Covid crisis caused wealth inequality & created millions of new millionaires – Credit Suisse
The Covid-19 pandemic saw an enormous growth in wealth disparity worldwide in 2020, the Credit Suisse Research Institute says. It reported a 5.2 million increase in the number of millionaires, to a total of 56.1 million people.
“The repercussions of the Covid-19 pandemic led to widespread rises in wealth inequality in 2020,” the annual Credit Suisse Global Wealth Report states, claiming that the rich reportedly cashed in on surging stocks.
The number of millionaires increased to 56.1 million people, who are reportedly holding 45.8% of the world’s wealth – with 1.7 million of them residing in the US.Also on rt.com More than 100 million workers forced into poverty by Covid-19 pandemic, says UN
The detailed figures show that 56.1 million individuals around the world had assets worth more than $1 million, with 2020 becoming the first year in which more than one percent of the world’s adults were “dollar millionaires.”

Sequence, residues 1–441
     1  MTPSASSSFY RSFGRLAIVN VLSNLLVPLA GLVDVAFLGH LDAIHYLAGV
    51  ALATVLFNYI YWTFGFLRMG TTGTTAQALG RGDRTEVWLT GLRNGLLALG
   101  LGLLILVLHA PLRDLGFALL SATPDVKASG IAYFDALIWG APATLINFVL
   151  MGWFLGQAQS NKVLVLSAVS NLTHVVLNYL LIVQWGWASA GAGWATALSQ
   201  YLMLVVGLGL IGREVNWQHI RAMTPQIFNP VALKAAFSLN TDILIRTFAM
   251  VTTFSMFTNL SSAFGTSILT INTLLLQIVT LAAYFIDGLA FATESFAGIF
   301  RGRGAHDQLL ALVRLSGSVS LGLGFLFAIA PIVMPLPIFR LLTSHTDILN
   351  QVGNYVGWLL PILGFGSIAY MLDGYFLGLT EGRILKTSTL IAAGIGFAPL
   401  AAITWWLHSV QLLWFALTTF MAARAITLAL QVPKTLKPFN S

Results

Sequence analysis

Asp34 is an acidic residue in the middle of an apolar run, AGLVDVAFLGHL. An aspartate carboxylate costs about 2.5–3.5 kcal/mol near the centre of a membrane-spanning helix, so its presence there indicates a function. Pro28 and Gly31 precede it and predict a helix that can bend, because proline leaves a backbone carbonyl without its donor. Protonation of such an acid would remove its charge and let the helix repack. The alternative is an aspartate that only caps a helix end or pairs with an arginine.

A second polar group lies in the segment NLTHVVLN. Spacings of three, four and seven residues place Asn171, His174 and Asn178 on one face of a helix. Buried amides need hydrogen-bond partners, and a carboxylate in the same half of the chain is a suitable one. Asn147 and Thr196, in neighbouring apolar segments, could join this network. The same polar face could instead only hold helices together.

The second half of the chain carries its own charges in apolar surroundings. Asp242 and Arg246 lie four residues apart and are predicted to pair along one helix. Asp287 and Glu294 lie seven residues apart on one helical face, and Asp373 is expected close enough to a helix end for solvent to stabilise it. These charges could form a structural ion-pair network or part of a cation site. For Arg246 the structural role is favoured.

The report admits growth in the wealth gap stems from the “nature of the policy response” to the pandemic by governments and central banks across the world.
“The rise in wealth inequality was likely not caused by the pandemic itself, nor its direct economic impacts, but was instead a consequence of actions undertaken to mitigate its impact, primarily lower interest rates,” it highlights.Also on rt.com Increasing debt to boost economies obsolete & serves to widen gap between rich and poor – Putin
The impact of the Covid-19 pandemic on household wealth, particularly for the poorest, was reportedly worst in states where governments did not grant compensation for wages lost during the series of enforced lockdowns. In the nations where governments managed to introduce furlough schemes, the hit of job cuts and lower business income was softened.
At the same time, the wealthiest groups, who were already sitting on vast holdings of stocks and properties, were relatively unaffected by the economic shutdowns. After being crushed in the first half of 2020, share prices rebounded later in the year, thus boosting the fortunes of wealthier individuals.
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